The Escazú Agreement: Internationalizing the Amazon?
July 23, 2020
Populism and nationalism in politics are two sides of the same coin.
By: Enrique Ortiz, Amazon Conservation Board Member. (Original article published in El Comercio. See here.)
The Escazú Agreement, a regional agreement on access to information, public participation and access to justice in environmental matters in Latin America and the Caribbean whose ratification is soon to be debated in Congress, has generated an intense reaction and discussion. There is a sector that affirms that this agreement would attempt against our sovereignty in the Amazon. Considering that if this agreement is ratified, the important decisions for the economic development of the country would remain in the hands of international spheres. On the other hand, others consider that such an agreement leads to improved information flow and citizen participation. Both are necessary for the development of the country, particularly in Peru where social and environmental conflicts have paralyzed many important works for the economy. Understanding the scope of the agreement and its true implications is crucial for the future of Peru.
The Escazú Agreement stipulates that the signatory countries undertake to comply with a series of mechanisms for transparency of information, consultation, decision making processes, protection of environmental defenders and conflict resolution related to projects that may affect the environment.
How can the Escazú Agreement threaten national sovereignty, and in particular, with our Amazon? To begin with, this is a Latin American regional agreement, which has been signed by 22 democratic nations (including those Amazonian), and so far, has been ratified by 9 of them. The agreement clearly states that decisions are the affairs of each country, within their own regulatory frameworks. It also stipulates that in cases where the conflict is between States, these – and only under a bilateral agreement – can be submitted to arbitration by the International Court of The Hague, as an international instance. That court does not have jurisdiction for internal affairs of a country, such as those between private, communities and the State. The resolution of controversies within a country is another matter, and only after exhausting the national justice mechanisms, they can be resolved by resorting to international bodies, which have nothing to do with the Escazú agreement.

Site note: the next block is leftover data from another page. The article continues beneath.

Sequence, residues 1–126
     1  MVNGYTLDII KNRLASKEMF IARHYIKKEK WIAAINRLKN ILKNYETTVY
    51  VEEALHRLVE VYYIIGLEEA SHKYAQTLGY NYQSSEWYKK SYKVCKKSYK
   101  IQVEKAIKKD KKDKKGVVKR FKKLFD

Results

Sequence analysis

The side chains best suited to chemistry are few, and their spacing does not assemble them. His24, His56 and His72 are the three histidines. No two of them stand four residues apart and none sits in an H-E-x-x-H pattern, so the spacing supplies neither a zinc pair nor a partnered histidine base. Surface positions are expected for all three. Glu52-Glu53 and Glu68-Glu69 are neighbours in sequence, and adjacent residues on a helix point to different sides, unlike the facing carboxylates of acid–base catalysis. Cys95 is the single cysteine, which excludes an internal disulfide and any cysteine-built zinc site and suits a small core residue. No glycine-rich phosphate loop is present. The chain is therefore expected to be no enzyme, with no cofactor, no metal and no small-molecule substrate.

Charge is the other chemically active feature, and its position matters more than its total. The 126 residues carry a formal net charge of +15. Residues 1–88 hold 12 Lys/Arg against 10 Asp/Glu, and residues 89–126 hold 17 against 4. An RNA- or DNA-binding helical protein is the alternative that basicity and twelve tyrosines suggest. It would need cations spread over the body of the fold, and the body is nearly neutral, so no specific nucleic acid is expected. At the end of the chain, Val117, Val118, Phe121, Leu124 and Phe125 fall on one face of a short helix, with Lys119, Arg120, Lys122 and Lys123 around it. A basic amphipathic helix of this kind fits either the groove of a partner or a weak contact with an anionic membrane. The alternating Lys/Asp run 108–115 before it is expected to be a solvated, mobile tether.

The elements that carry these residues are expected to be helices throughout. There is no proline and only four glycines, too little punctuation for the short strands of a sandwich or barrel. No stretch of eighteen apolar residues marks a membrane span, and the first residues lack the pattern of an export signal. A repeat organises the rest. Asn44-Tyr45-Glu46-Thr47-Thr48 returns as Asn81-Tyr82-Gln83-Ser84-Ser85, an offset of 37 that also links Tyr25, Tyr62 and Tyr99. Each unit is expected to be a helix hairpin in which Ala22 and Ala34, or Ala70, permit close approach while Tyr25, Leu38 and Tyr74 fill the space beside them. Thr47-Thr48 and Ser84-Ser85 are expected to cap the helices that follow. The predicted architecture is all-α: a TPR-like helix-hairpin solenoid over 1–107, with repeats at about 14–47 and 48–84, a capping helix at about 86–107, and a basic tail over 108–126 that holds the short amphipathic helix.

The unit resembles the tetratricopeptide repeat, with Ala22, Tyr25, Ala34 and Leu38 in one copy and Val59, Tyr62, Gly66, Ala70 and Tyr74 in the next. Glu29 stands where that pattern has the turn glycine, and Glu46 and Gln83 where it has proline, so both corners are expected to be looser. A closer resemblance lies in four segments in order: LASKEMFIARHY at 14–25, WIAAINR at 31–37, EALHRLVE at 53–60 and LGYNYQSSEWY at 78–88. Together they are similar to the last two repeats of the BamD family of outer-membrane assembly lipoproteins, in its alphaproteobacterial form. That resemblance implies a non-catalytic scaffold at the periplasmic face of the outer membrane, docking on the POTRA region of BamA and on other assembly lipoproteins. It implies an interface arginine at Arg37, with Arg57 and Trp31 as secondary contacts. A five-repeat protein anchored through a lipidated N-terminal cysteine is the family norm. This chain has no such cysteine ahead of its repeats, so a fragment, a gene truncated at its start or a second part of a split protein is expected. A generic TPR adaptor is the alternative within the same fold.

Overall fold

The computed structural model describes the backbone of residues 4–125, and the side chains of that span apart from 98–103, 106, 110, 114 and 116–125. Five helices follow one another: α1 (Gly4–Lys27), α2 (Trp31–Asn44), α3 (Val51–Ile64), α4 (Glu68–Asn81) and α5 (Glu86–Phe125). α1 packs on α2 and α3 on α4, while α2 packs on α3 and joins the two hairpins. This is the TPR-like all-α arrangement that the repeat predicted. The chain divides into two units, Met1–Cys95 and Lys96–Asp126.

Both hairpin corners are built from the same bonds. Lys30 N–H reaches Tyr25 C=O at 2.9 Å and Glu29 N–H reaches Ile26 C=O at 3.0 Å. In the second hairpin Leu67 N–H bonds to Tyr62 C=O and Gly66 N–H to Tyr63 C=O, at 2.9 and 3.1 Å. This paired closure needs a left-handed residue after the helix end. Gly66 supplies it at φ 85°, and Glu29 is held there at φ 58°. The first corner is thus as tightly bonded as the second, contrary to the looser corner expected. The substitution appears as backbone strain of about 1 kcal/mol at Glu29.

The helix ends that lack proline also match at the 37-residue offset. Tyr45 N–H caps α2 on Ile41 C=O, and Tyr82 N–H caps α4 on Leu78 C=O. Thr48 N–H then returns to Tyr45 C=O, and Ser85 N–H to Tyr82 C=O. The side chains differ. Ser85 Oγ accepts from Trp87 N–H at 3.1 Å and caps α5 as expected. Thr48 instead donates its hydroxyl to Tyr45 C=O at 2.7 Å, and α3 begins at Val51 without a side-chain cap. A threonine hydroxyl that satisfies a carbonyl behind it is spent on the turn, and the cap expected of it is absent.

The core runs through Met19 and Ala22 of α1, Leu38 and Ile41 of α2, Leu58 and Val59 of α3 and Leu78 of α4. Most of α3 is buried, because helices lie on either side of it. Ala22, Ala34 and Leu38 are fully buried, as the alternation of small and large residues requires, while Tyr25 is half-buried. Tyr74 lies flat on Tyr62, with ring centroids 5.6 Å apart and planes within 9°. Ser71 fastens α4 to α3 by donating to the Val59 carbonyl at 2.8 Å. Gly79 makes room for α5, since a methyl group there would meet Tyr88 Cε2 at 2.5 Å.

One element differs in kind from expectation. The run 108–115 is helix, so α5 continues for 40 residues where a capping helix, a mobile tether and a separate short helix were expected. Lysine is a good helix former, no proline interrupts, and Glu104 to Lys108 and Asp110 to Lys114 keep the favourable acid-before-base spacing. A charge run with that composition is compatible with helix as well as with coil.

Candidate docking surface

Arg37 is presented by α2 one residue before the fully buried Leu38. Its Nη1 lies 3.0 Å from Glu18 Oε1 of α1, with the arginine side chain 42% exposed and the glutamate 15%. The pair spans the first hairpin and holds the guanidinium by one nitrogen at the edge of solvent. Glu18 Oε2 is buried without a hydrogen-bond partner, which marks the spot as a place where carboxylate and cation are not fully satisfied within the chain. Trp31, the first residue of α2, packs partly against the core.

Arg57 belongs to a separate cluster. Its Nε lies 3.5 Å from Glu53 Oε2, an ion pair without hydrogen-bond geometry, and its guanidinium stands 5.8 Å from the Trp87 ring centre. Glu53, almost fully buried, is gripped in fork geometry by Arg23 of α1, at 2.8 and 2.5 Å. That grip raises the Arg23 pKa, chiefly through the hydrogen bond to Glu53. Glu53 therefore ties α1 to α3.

There is a fear that said agreement will hinder important development projects for the country, or for a specific interest group. And it is argued that this is particularly important in times when we urgently need an economic revival. And it is true, we need development plans, but those that are economically, socially and environmentally sustainable. Otherwise, we will have more Tía Marías, Congas and other extractive projects stranded in the midst of conflicts with no solution in sight. What is expected, instead, is that the Escazú Agreement has the key to resolve these situations throughout the country, on the coast, the Andes and the Amazon.
Peru has played a very important role in the gestation of this agreement since the Rio+20 United Nations conference in 2012. Our chancellery -for three governments- has promoted the vision and structure of this agreement, as expressed in the Lima Declaration. Furthermore, Peru held the vice-presidency of the negotiating executive committee’s and signed the agreement in September 2018, at the United Nations headquarters. In August 2019, President Martín Vizcarra and his chancellor sent the draft legislative resolution to the then President of Congress, for approval. How can it be that, suddenly, the referred agreement is branded by some as a surrogate that cedes 53% of the country to foreign environmental NGOs, and as a national newspaper denounces on the front page, “do they want to rob us of the Amazon”? Very strange.
Populism and nationalism in politics are two sides of the same coin. Painful examples of this are part of our recent history, and today we are seeing it in Brazil. We want development projects that can advance, that are profitable and that have mechanisms for participation, defense of citizens’ rights, and with a long-term vision, as recommended by the OCDE studies, to which our country wants to access. Vision is a keyword for the bicentennial. Let us keep our eyes open to the opportunities that this agreement can give us.